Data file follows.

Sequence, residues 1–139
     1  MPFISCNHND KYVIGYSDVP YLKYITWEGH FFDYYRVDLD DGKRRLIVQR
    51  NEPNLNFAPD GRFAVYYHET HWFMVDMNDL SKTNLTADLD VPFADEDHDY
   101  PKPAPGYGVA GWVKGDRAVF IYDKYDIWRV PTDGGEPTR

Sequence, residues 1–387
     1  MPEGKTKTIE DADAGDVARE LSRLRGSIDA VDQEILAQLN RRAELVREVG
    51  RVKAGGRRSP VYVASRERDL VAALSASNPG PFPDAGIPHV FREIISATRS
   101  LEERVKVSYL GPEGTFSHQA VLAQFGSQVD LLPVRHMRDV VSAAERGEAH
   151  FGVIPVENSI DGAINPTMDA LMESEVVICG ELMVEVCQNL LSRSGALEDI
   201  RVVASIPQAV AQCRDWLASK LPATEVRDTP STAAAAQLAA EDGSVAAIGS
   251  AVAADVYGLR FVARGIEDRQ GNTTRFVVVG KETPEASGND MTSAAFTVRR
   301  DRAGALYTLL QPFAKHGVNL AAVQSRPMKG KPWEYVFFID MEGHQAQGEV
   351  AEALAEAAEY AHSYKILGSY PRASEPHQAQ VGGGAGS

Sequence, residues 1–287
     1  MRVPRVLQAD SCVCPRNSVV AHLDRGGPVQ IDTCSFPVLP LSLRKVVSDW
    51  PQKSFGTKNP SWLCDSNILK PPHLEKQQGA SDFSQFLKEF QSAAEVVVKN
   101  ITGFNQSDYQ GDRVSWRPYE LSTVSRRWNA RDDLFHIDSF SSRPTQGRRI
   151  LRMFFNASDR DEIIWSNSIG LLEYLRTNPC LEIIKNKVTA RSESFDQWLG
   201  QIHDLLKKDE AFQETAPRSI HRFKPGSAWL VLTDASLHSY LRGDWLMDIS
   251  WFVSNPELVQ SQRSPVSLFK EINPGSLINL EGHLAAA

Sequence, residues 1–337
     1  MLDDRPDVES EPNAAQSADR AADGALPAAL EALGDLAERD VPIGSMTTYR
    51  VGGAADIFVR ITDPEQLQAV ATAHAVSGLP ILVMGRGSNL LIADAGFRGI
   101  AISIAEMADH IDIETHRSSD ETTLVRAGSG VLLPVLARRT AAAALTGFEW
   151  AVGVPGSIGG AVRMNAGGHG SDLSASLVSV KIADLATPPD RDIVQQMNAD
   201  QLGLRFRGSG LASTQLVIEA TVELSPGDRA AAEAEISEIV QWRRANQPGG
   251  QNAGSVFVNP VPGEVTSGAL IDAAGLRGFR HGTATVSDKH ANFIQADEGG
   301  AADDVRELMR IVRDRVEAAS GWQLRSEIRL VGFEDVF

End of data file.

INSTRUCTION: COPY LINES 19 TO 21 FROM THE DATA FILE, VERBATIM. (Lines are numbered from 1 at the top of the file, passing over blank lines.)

   201  QIHDLLKKDE AFQETAPRSI HRFKPGSAWL VLTDASLHSY LRGDWLMDIS
   251  WFVSNPELVQ SQRSPVSLFK EINPGSLINL EGHLAAA

Sequence, residues 1–337